By Saul Golubcow
Just about two years ago, I wrote that in the Philadelphia Phillies’ hiring of Gabe Kapler, I had “experienced a Jewish American baseball fan’s happiness in having one of our own” become the manager of my beloved team. I had posited that “perhaps due to an insecurity of having been an ‘other’ experiencing anti-Semitism,” and with baseball as America’s game, “some of us may view success on the diamond as one (remaining) means of validating our full integration into our country.”
And now Kapler has been fired, so how do I feel? Just fine! As family and friends know, I have been a shrill “fire Kapler” voice for the last year because as much as I was thrilled that my team had a Jewish manager, his need to be replaced had nothing to do with his being a bad “Jewish” manager but rather in his misplaced coaching hires, rigid adherence to analytics, inept game management and lack of leadership skills. Kapler was a bad manager — period. I care for the well-being of my team more than the success of my Jewish manager.
Once Kapler was hired, I stowed away my euphoria and pretty much forgot about his being Jewish, focusing instead on spring-borne great expectations and then, grumpily, turning on Kapler’s errors beginning opening day. But if baseball is indeed America’s game, in reflection it exposes at its mirror edges glimpses of attitudes held about Jews by others, as it reflected darkly during Hank Greenberg’s era and more brightly during the Sandy Koufax years. So too with Kapler’s short tenure as the Phillies manager.
Kapler’s firing by the Phillies entailed not a jot of anti-Semitism. But, as I follow the Phillies closely, I access various sites that discuss the team. Many of them include reader comment areas, which have contained from the moment of Kapler’s hiring trope-laced references to his Jewishness that always left me uneasy. It’s possible that only certain personalities bother to comment, and I want to believe such postings are the scribblings of a few. Yet while some readers condemned the comments, many others engaged the writers in uncritical exchanges, so I am not sure.
At first, the Kapler Jewish references discussed how smart he is, a “brainiac” with a super mind who will counter the moves of other managers by throwing horned thunderbolts of analytics at them. I cringed as I read these spurious compliments much as I have always been uncomfortable hearing Archie Bunker-like Jewish endorsements of, “You know my family wanted the best so we looked for a Jewish doctor (lawyer).”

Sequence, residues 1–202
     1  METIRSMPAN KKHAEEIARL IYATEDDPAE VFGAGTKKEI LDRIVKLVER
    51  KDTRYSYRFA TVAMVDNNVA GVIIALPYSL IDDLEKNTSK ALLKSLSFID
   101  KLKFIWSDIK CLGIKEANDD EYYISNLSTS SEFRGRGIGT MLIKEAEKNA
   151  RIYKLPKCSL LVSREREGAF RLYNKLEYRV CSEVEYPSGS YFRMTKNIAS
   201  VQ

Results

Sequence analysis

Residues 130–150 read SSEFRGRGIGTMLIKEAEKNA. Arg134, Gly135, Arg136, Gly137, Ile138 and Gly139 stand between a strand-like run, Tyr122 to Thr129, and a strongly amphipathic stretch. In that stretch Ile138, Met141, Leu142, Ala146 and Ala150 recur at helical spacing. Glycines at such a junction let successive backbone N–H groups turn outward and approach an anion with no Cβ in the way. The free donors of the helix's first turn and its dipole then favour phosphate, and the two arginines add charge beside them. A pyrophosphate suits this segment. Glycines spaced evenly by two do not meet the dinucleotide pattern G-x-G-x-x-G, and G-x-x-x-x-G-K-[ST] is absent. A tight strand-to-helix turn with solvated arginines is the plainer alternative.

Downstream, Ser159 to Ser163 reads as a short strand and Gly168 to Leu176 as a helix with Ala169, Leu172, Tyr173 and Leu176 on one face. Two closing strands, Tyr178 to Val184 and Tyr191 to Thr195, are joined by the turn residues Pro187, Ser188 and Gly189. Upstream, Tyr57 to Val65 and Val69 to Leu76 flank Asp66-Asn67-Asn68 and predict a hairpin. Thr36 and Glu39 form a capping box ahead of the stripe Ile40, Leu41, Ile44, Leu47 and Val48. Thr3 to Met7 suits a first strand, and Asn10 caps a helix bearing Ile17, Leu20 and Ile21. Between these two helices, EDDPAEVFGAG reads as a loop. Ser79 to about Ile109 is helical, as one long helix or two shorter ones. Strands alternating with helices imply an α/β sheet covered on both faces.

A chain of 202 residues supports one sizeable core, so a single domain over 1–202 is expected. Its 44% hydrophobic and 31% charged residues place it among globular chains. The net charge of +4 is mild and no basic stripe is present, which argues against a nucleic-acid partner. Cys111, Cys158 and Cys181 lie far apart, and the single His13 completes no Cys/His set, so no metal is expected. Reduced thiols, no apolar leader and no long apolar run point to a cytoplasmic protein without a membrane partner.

Very soon into Kapler’s first season as his mistakes mounted, previously characterized “Jewish” positives morphed into attacks on his stubbornness, aloofness and “know it all” manner. Usually, these historically stereotyped “Jewish” attributes were thrown out to float noxiously with no explicit ascription, but in a few instances they were tied directly to the Jewish persona.
Despite appearances to the contrary, physical features such as the placement of Kapler’s eyes, the shape of his nose (“beefcake big nose”) or the “insolence” in the set of his jaw were dragged in as corroborating indicators. Praise of Kapler’s reliance on analytics mutated into derisive attacks on his being the arrogant promulgator of a false science threatening the well-being of the Phillies, much as early Nazi Germany, to discredit Albert Einstein, denounced “Jewish physics.”
Just a week before Kapler’s termination, a commenter disclaimed in a classic anti-Semitic manner that he himself does not harbor such feelings when he insists “what matters to most Kapler haters is that there’s a positive, upbeat Hollywood Jew running the clubhouse and it’s driving them insane. They hated the man for what he is before he even stepped foot in Philadelphia. Sorry, but that’s just the truth, even though people won’t say it anywhere but on a bar stool or dinner table.”
I don’t sit on bar stools nor are my dinner conversations tinged with anti-Semitic allusions, so I can’t adequately gauge the accuracy of this disingenuous assertion. I am, however, very cognizant of historian Deborah Lipstadt’s likening of anti-Semitism to a herpes virus that lies dormant but always reemerges. Given the recent intensification of violence from the Pittsburgh and Poway shootings and assaults on Jews in the streets of New York to the vile and brazen expressions of anti-Semitic sentiments in the halls of Congress, we should always be vigilant as to where the virus’ latency may be present. Even examining the comments area of a sports site can be instructive.
But the new year 5780 is upon us, and though I’ll continue to keep a wary eye over my shoulder as Diaspora Jews throughout our history have been wont to do, I am looking forward to the 2020 baseball season, and my Phillies need a new skipper. I’m thinking, wouldn’t it be even more thrilling if my team hired a second Jewish manager? Wait, wasn’t Brad Ausmus also just fired by the Padres? I wonder if he might be available.
Saul Golubcow follows his beloved Phillies from Potomac, Maryland.